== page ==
RUSSIA - Russia is unlikely to obtain investment grade status until after the presidential elections in March 2004.
But analysts at Schroder Investment Management believe that the Russian economy, which remains vulnerable to oil price fluctuations, has still managed impressive growth in the first three months from both the commodity and manufacturing sectors.
Gabor Sitanyi, Schroders’ director of European emerging markets, said: “As a result of the strong external and fiscal positions Russia may win further credit rating upgrades, but it is unlikely to obtain an investment grade rating until after the 2004 presidential elections.”
According to recent research, emerging market bond funds experienced their first outflows since the start of the year in May. Figures from EmergingPortfolio.com Fund Research (EPFR), which tracked 173 dedicated emerging market bond funds with US$12bn in assets, showed net investor redemptions of US$1.8m. But EM bond funds have still attracted inflows of US$1.94bn year to date, over three times the total inflow for 2002.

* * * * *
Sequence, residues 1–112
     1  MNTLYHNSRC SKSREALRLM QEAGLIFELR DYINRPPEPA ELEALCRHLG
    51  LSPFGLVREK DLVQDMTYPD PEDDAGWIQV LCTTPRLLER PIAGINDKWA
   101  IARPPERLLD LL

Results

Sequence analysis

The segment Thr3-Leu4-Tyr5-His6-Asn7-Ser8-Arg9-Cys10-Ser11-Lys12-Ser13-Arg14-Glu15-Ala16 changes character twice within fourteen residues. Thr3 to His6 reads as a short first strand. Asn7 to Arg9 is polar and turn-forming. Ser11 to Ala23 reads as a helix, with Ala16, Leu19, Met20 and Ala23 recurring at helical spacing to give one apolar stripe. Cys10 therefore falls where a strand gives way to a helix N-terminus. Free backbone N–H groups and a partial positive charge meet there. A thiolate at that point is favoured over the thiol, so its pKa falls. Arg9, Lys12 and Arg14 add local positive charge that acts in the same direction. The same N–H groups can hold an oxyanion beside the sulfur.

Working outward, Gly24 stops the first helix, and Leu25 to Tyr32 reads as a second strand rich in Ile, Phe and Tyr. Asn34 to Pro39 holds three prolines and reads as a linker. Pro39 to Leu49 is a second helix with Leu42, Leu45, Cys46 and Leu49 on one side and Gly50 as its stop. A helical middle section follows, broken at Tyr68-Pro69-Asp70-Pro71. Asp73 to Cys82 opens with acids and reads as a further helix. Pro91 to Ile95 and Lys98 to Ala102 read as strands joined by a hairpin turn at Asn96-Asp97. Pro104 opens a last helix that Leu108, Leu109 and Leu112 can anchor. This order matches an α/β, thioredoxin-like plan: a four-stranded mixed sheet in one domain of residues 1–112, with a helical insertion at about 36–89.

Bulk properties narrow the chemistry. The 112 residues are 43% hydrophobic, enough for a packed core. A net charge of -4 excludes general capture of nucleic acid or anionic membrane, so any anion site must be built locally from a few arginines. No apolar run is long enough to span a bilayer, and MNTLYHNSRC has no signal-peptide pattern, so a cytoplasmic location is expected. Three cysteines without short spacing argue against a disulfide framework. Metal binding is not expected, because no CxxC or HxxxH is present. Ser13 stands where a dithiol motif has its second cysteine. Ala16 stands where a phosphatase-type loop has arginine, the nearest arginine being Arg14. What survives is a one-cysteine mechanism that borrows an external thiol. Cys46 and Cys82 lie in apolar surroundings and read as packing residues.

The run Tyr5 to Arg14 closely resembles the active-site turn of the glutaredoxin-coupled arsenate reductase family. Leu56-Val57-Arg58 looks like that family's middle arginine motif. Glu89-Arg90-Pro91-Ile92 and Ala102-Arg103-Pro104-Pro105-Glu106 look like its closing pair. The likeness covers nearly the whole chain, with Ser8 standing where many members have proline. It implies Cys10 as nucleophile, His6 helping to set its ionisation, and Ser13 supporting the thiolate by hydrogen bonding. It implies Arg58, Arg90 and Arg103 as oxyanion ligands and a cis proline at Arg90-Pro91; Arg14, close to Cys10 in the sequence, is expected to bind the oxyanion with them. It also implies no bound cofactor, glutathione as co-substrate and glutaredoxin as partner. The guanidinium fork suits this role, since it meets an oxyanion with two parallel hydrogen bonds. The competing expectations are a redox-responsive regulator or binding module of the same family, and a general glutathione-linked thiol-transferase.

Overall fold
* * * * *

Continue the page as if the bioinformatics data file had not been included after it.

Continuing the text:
Schroders reckons that over the medium term the primary concern for investors is the potential impact from an anticipated fall in oil prices following the war in Iraq. The health of the Russian economy will therefore depend on whether the government and the central bank are able to adjust fiscal and exchange rate policies quickly enough to avoid a loss of market confidence.
The fund manager also expects the political scene to remain relatively calm despite the approaching elections as President Vladimir Putin continues to lack any major challenger apart from the relatively unpopular Communist leader, Zhuganov.
“Looking ahead, Schroders does not expect a collapse in levels of oil prices and believes that sustained performance is underpinned by a continued under-valuation of Russian companies due to their strong growth prospects and the declining Russian risk free rate. M&A activity should continue to propel stock prices,” added Sitanyi.
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